Radical Islam’s Fellow-Travellers


An interesting article by Nick Cohen that contains much though provoking material regarding Islam … its worth reading …

First a bit of context. The publication “Standpoint”, that contains the article, describes its mission statement as …

…celebrate our civilization, its arts and its values — in particular democracy, debate and freedom of speech — at a time when they are under threat. Standpoint aims to be an antidote to the parochialism of British political magazines and to introduce British readers to brilliant writers and thinkers from across the Atlantic, across the Channel and around the world.
Now, on to the article by Nick Cohen itself …

Contemplating with his customary scorn the artists who had embraced the Russian Revolution, Leon Trotsky wondered what it would take to break their attachment to a cause that would eventually murder many of them — and kill Trotsky too, although he was yet to know it. “As regards a fellow-traveller,” he said, “the question always comes up — how far will he go?” Would the barbarism of the dictatorship of the proletariat persuade him to “change at one of the stations on to the train going the other way”? Or would he stay on for the rest of the ride?

As Trotsky implied, fellow-travelling with communism was not always akin to endorsing the creed. Communists accepted crimes committed in the name of the revolution without hesitation. The fellow-traveller looked away from communism’s victims and invited others to do the same. Communists damned “bourgeois democracy”. It disillusioned communism’s fellow-travellers, too, but not enough to persuade them to give up on democratic politics completely and join the revolution. They wished the Soviet Union well and found its experiments on the human race bracing. But in the words of David Caute, the best historian of fellow-travelling, their support was a “commitment at a distance”.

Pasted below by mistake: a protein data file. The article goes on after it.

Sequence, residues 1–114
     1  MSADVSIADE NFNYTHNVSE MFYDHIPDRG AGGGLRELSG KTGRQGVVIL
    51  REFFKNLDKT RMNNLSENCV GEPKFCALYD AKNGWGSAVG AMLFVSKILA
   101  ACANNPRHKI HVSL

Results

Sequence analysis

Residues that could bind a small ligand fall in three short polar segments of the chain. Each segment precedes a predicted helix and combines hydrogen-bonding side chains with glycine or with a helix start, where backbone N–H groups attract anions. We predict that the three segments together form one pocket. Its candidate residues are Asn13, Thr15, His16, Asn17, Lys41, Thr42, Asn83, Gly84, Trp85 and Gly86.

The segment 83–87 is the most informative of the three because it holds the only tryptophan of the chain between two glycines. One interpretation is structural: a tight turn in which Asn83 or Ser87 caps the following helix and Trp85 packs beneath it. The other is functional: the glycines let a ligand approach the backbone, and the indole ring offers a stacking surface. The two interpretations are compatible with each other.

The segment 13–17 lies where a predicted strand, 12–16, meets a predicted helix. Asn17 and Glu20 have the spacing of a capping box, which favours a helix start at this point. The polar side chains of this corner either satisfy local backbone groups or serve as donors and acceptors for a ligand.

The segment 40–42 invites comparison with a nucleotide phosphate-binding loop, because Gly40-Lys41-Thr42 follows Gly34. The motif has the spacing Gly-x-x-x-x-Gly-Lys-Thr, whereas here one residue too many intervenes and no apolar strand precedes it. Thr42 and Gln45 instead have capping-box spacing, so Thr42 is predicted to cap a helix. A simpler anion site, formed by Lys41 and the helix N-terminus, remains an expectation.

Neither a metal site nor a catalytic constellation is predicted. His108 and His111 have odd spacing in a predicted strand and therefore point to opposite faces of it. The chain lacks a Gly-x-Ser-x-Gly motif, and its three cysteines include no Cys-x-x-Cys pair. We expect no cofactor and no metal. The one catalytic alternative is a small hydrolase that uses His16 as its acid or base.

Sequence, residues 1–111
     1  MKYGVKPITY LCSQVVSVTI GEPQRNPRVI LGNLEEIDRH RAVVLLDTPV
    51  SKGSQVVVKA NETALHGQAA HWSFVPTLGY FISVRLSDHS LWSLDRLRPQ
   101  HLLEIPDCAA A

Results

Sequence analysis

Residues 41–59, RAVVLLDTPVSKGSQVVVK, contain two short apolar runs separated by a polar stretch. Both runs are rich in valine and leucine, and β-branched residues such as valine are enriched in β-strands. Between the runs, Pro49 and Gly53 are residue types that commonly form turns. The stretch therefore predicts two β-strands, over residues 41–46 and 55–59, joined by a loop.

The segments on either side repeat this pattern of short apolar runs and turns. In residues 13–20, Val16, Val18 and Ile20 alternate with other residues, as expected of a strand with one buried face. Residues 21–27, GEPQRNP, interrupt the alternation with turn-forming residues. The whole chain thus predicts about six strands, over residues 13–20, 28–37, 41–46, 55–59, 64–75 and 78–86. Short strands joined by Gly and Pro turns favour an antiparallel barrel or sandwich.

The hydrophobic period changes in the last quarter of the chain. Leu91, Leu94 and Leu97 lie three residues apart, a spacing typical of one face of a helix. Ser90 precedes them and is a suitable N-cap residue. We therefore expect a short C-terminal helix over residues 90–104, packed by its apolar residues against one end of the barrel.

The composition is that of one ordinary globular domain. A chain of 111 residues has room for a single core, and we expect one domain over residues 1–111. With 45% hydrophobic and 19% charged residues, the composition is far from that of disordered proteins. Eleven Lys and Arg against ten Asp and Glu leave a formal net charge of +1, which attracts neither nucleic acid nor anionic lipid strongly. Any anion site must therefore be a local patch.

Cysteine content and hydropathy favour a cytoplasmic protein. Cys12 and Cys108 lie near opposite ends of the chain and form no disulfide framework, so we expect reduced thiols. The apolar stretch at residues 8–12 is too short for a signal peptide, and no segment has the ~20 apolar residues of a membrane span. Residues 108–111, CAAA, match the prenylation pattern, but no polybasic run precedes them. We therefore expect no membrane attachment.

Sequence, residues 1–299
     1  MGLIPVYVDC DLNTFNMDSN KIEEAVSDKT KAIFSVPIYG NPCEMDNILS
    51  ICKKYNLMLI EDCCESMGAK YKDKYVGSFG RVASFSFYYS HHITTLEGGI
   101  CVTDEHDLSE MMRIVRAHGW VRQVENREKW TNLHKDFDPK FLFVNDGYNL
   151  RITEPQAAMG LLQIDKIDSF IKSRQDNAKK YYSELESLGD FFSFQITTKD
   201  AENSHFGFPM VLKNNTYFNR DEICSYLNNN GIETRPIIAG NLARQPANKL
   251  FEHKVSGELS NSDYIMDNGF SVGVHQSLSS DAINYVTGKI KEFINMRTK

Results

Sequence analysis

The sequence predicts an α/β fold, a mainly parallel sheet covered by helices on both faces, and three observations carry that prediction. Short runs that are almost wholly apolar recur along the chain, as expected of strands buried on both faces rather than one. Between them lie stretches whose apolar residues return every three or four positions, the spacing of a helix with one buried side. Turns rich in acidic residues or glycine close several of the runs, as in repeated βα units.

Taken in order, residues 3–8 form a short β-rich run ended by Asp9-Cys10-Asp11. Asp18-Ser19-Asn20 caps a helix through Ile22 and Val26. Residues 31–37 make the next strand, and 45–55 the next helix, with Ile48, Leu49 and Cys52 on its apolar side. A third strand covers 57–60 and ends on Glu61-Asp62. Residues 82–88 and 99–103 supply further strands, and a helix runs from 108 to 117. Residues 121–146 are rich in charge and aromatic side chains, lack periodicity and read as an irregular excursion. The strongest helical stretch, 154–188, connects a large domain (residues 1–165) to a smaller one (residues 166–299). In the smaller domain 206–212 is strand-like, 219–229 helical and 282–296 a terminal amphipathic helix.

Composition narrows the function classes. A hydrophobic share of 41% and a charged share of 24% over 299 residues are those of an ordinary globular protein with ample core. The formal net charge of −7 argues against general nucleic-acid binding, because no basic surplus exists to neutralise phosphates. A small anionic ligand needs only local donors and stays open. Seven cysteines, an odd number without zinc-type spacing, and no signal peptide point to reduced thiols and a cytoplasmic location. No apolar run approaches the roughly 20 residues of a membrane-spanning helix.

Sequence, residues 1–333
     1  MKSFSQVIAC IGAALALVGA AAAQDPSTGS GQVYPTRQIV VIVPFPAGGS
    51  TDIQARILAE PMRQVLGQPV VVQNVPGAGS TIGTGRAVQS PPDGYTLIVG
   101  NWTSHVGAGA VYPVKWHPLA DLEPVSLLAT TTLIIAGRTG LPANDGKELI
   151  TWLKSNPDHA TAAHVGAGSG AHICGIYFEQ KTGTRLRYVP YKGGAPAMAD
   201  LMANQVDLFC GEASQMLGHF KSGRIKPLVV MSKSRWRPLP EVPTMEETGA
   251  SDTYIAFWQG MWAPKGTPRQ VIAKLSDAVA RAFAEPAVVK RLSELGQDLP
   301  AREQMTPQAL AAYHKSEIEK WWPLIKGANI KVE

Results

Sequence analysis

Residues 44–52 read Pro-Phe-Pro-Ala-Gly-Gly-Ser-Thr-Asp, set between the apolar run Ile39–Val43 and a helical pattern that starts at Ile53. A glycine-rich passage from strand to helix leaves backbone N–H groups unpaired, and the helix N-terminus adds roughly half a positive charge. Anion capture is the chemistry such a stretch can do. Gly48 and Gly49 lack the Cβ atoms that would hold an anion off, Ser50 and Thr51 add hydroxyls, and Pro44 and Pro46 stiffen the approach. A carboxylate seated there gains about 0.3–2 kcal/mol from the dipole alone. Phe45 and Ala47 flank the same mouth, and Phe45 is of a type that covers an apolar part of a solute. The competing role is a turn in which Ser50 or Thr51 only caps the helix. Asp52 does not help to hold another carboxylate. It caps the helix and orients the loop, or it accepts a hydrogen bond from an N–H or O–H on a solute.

The reception given to Tariq Ramadan when he arrived in New York in April showed that today a type of fellow-travelling with radical Islam has spread from Europe to America. From the applause he drew, it seemed to me that no one involved would be changing trains for a while. The willingness of Ramadan’s admirers to ignore the victims of totalitarianism was familiar but everything else was different. The readers of the New York Review of Books and the Nation, like the readers of Le Monde Diplomatique and the New Statesman, are not committing to radical Islam, even at a distance. They do not believe in the subjugation of women, the murder of homosexuals and apostates, the Jewish conspiracy theory and the creation of a theocratic empire in the way that communism’s old fellow-travellers in socialism believed to varying degrees. The best they can manage is a feeble relativism. “But it’s their culture to oppress women,” they insist. “It’s imperialist to impose Western human rights standards on others.”

Standpoint: read the rest of the article here …

Least you wonder about it all, consider this quote from the article  …

“Defending freedom of speech is one thing. Permissively — or passively — agreeing with the speaker is another.”

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